CBGa, or cannabigerolic acid, is one of the cannabinoids least present in Cannabis plants. Providing a protective function for cannabis, CBGa is produced in the trichomes of the plant and triggers targeted necrosis of the plant cells to naturally regulate leaf size to allow the plant to maximize energy directed to the flower.
CBGa is also a founding component of the cannabis flower. It occurs at the very beginning of the chain reaction that produces the three main cannabinoids:
THC (tetrahydrocannabinolic acid)
CBDa (cannabidiolic acid)
CBN (cannabinol acid)
The latter then evolve into THC, CBD, and CBN respectively. CaGBC is also transformed into CBG, but most of the time directly into THC and CBD.
Although it has been known for 30 years, with Japanese researchers revealing its role as a precursor in 1996, CaGBC has received little study. Scientists have further studied THCa, and how CBGa is converted to THCa.
The medical potential of CaGBC
With little research to its credit, CaGBC has nevertheless shown potential therapeutic applications, which will still require some further studies. For the time being, the best way to enjoy CBGa remains hemp juice from a highly dosed variety.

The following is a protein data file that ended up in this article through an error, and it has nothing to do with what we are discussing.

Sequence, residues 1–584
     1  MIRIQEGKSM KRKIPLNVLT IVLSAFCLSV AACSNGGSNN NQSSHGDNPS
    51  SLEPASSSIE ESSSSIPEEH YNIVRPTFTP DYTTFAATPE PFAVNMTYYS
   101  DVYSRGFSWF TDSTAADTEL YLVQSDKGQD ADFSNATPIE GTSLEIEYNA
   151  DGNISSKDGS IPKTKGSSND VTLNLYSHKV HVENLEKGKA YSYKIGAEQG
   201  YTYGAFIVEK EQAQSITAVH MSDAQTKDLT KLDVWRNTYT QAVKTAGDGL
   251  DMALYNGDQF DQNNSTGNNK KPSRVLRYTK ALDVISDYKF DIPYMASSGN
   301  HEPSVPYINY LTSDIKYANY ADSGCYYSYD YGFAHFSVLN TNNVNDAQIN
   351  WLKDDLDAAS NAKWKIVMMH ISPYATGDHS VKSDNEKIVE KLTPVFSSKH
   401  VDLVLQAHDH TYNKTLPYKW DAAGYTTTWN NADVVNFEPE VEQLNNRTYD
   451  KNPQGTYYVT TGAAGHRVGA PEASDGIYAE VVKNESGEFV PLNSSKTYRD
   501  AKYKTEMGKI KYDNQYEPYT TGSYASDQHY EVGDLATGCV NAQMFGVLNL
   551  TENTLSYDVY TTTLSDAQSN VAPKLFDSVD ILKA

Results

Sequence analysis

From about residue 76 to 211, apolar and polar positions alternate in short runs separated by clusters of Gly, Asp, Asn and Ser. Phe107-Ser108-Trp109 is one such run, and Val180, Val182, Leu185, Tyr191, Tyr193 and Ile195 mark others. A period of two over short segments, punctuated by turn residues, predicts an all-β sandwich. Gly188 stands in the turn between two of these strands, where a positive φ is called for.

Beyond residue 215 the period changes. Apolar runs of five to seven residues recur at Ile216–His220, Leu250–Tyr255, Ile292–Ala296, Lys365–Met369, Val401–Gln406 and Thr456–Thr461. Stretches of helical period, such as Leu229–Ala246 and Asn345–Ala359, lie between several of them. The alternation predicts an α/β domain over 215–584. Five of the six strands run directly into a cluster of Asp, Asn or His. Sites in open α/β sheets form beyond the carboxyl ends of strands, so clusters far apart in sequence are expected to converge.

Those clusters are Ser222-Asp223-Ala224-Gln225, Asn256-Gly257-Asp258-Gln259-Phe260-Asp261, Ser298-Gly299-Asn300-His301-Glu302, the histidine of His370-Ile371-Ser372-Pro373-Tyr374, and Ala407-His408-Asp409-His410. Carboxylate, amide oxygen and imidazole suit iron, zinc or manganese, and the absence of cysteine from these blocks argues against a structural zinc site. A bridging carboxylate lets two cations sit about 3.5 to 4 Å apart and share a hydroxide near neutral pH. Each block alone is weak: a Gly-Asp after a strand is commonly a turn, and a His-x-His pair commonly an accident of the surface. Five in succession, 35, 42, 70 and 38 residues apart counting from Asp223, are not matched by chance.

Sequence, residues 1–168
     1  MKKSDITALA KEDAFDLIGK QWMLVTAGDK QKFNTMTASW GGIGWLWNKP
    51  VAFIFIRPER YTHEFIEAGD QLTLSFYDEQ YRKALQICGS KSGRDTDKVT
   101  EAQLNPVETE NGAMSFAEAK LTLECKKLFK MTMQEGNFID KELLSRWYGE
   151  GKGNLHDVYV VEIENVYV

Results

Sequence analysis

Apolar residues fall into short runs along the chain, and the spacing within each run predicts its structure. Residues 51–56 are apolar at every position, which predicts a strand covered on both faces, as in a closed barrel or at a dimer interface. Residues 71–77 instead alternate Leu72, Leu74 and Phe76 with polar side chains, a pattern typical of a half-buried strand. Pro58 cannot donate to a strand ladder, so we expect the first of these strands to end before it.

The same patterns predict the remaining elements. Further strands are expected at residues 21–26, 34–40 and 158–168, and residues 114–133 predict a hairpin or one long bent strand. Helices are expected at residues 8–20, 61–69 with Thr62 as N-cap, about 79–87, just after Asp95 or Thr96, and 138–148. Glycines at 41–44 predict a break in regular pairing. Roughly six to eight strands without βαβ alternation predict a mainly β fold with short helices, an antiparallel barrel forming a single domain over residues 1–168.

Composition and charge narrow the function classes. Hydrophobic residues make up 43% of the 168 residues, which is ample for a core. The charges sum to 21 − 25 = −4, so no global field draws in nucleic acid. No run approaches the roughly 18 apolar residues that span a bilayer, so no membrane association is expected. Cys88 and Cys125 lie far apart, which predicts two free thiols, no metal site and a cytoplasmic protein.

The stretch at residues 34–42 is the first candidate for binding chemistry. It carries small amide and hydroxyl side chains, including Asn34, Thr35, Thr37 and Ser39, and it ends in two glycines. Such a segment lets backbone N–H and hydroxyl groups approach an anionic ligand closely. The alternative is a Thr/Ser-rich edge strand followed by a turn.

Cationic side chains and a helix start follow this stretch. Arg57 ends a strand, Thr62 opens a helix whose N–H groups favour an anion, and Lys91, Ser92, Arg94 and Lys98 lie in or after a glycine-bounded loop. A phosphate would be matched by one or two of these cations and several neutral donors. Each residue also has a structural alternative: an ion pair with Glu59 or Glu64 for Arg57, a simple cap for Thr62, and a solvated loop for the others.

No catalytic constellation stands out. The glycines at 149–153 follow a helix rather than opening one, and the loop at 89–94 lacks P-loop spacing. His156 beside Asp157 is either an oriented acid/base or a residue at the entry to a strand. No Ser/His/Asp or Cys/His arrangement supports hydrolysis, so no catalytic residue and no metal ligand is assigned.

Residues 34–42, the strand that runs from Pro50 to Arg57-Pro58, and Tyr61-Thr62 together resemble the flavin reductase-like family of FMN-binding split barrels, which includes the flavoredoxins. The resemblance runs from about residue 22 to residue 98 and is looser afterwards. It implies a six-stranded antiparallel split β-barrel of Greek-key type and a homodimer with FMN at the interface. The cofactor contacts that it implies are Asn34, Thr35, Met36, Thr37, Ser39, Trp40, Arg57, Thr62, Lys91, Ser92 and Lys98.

CaGBC may be effective for colorectal cancer patients. The researchers examined the cytotoxic effects of CBGa extracted from cannabis and found that CBGa not only destroyed colon cancer cells but also accelerated the early death of cancer cells and stopped the cycle of cancer cells. Although further research is necessary, the researchers believe that CaGBC could effectively target not only colon cancer cells, but also prevent the growth and proliferation of polyps. Untreated, these polyps turn into carcinomas.
CaGBC could help diabetic patients fight some of the complications of the disease and comorbidities such as cardiovascular disease. CaGBC has been studied in vitro and has been shown to inhibit the enzyme aldose reductase, a major contributor to oxidative stress that causes heart and other problems. The test results were highly dosing dependent. Drugs based on synthetic inhibitors have strong side effects for many patients. A drug derived from plants and with CBGa would, therefore, be promising.
CaGBC could also help patients with metabolic disorders. 2019 in silico study (a computer simulation in fact) examined the role of CBGa in activating receptors activated by peroxisome proliferators (PPARs) that regulate metabolism. When PPARs do not work properly, people develop diseases such as diabetes and high levels of cholesterol or triglycerides (dyslipidemia). This study showed that CaGBC activates PPAR receptors, thereby stimulating lipid metabolism and reducing the accumulation of excess lipids. The study should be continued on living models.